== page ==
Lincoln County Grower’s First Commercial Harvest Produces Winning Wine

Betsy Whipple wants the world to see Nevada as a special place. Specifically, she’d like to make Lincoln County’s Pahranagat Valley into a wine tourism destination. She’s got a few cheerleaders, including up-and-coming winemaker Tim Burke, who bought Whipple’s first commercial harvest, and made it into a very good white blend. Story continues below…

Betsy Whipple’s property as seen from highway 93 in eastern Nevada. In the distance, Lincoln County’s first commercial vineyard (right); on the left, an abandoned milking barn she hopes to transform into a tasting room. Photo: Grape Basin News

“It was our first time working with those grapes because they’re French Bordeaux varietals that you just don’t see,” Burke told Grape Basin News. “And we liked the results.”

Burke named the wine VMR, a 2018 blend of Viognier, Marsanne, and Roussane. The VMR was quite young in March of 2019, but Burke and winemaking partner Pam Tyler entered it in the Nevada Vines & Wines competition, and it scored a bronze medal.

“It turned out excellent,” he said. “Very fruity, dry on the palate, full mouth.” Burke likes how the VMR is developing now, almost a year later. He will definitely show up for Whipple’s 2019 harvest.

Whipple’s Cabernet vineyard, with rye grass planted between the rows to combat weeds. The posts came from Ruby Valley. Photo: Grape Basin News

Busloads of tourists, on the other hand, won’t show up for some time, unless they’re geologists investigating the asteroid that crash landed in the region some 360 million years ago. The so-called Alamo Bolide Impact caused a tsunami in the prehistoric lake that once filled the Great Basin, and it sculpted the land Pahranagat Valley now inhabits.

For now, visits from hoards of wine lovers are less likely than – well, less like likely than an asteroid smashing into Nevada.

Betsy Whipple is the lone viticulturist in the Paranagat Valley, a long, narrow oasis strewn with springs and lakes that have boosted farming and nurtured the Pahranagat National Wildlife RefugeStory continues below…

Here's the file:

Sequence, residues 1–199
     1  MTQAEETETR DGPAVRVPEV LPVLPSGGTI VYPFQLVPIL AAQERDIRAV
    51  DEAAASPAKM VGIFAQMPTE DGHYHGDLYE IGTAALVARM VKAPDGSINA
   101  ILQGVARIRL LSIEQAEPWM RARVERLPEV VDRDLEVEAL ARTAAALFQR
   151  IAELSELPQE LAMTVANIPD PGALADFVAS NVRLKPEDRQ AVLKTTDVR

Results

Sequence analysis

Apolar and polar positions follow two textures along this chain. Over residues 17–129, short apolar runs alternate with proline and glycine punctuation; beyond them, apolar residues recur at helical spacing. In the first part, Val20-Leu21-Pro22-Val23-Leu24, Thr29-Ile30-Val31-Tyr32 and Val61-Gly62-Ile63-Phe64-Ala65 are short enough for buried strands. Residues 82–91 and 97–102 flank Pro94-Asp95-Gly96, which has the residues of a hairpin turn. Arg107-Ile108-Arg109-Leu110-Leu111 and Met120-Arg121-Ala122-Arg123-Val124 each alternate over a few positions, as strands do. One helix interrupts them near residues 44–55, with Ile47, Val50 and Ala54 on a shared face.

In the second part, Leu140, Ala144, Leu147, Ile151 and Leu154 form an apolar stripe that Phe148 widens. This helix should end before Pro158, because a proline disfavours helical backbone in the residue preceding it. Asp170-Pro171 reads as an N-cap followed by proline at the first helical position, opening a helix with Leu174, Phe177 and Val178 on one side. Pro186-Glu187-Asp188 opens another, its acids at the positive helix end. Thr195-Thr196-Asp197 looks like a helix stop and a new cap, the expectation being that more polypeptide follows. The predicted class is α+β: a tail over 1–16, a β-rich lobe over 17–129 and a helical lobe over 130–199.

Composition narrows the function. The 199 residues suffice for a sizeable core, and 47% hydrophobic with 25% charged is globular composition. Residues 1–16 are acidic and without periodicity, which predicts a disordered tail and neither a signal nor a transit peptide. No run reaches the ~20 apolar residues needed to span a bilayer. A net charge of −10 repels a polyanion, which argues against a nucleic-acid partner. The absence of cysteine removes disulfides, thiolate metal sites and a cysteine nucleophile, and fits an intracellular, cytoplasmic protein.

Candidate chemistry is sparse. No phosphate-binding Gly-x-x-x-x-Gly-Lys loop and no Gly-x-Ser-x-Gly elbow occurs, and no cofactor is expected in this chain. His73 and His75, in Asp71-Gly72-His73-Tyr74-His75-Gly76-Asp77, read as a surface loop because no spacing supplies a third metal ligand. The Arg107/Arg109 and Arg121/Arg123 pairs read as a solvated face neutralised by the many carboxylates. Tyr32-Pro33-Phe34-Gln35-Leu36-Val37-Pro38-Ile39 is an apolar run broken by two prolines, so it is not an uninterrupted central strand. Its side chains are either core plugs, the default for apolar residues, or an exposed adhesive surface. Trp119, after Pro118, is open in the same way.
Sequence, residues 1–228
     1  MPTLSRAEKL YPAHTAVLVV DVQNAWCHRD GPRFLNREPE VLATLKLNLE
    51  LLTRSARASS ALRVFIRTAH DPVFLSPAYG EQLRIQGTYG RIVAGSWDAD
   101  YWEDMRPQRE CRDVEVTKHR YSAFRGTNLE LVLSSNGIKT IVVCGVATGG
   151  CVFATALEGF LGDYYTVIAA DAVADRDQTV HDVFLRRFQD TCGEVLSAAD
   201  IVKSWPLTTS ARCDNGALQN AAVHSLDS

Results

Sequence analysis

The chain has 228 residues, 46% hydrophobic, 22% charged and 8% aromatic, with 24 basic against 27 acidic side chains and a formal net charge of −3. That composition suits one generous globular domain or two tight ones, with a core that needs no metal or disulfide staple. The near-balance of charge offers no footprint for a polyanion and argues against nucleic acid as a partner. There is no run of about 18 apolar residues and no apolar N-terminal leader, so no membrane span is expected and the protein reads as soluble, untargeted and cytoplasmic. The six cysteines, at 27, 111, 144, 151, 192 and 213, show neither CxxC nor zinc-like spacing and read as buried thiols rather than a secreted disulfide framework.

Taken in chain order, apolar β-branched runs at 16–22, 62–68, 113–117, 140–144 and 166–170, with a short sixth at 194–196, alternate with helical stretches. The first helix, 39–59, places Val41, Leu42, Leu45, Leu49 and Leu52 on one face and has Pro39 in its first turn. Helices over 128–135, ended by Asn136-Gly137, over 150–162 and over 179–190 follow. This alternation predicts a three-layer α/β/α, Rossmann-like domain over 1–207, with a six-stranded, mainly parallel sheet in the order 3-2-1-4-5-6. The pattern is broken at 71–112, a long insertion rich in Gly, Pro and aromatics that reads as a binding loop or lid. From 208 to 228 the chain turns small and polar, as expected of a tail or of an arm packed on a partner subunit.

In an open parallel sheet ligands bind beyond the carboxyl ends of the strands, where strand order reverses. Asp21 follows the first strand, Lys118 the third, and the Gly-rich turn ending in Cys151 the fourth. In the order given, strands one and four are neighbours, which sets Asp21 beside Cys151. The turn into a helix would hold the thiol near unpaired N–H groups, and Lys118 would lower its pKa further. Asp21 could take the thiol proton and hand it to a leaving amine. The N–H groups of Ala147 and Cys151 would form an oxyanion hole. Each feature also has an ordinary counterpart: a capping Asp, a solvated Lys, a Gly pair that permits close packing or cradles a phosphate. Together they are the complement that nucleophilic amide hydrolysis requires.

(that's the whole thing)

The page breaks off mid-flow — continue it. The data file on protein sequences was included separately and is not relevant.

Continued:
Besty Whipple at her vineyard on June 10, 2019. Photo: Grape Basin News

Whipple is restoring this dilapidated stone building on the property. Photo: Grape Basin News

The valley’s close-knit communities include Alamo, Ash Springs, and Hiko, where Whipple’s home and her vinyard are located. If you grew up here, you know everyone. Among Whipple’s friends are the Higbee family, of which various members have served on the Lincoln County Commission, and several of whom helped  harvest nearly a ton of grapes from the Whipple vineyard last fall.

Ed Higbee has taken an interest in viticulture. He planted 10 Tempranillo vines on his own property, which he may augment with 10 more once he’s gauged their success. Higbee has limited time to spend on farming because he also has a demanding job.

“I want it to be successful,” he told GBN. “I don’t want it to fall apart just because of lack of attention.”

Higbee’s experience with grapes is limited to the Thompson table variety that have grown for years in the valley. He knows virtually nothing about wine, but says he was pleased recently to get thumbs-up from a few knowledgeable New Yorkers who tasted the VMR white blend, which he served to them in a business setting.

Whipple’s dog Simon outside the abandoned milking barn which she hopes to transform into a tasting room.

Betsy Whipple’s venture into viticulture was inspired by conversations dating back to kindergarten with a now-deceased friend. Even as a five-year-old playing among the Thompson grape vines, he seemed to view them as a special crop, she said. Years later, they had long talks while she was home from college, and he speculated that Pahranagat Valley has potential as a wine growing region. Together, they envisioned vineyards and wineries as a draw for tourists from Las Vegas, which lies a bit more than an hour south.

When she graduated from Cal Poly, Whipple launched a career in financial services with stints at several big-name firms in Los Angeles and Las Vegas. Eventually, she headed home and dug into earnest research about the Paranagat Valley’s climate – going back 100 years, she says – and the grapes that might do well in it.

Then came planting experiments, and big investments in vineyard development. Whipple was frustrated with mixed results after following advice from vendors who instructed her in Napa Valley techniques.

“Those things don’t work here,” she says, sweeping a hand across Nevada’s desert horizon.

Her continual search for advice brought her into contact with Nevada’s experienced vintners. First, Rick and Kathy Halbardier of the Tahoe Ridge Winery. Later, Bill and Gretchen Loken from Pahrump Valley Winery, and finally Tim Burke, who has vineyard experience at both ends of the state.

Burke helped Whipple lay out a new Cabernet vineyard, and has advised her as she cleared a new plot to plant more Viognier.

“We’re planning a long term relationship with her,” said Burke “We’re expecting quite a bit bigger harvest this year.” Burke is currently planning to open a commercial winery in Nye County.

Whipple’s an optimistic grower now, but she’d like to see the tax code altered to make viticulture more economically palatable. She’d like to take a deduction sooner for thousands of dollars invested in vineyard infrastructure, and for 1,250 vines now in various stages of maturity.

A plot cleared for new Viognier vines, to be planted this month. Photo: Grape Basin News


Read other articles in these categories

Read other articles with these tags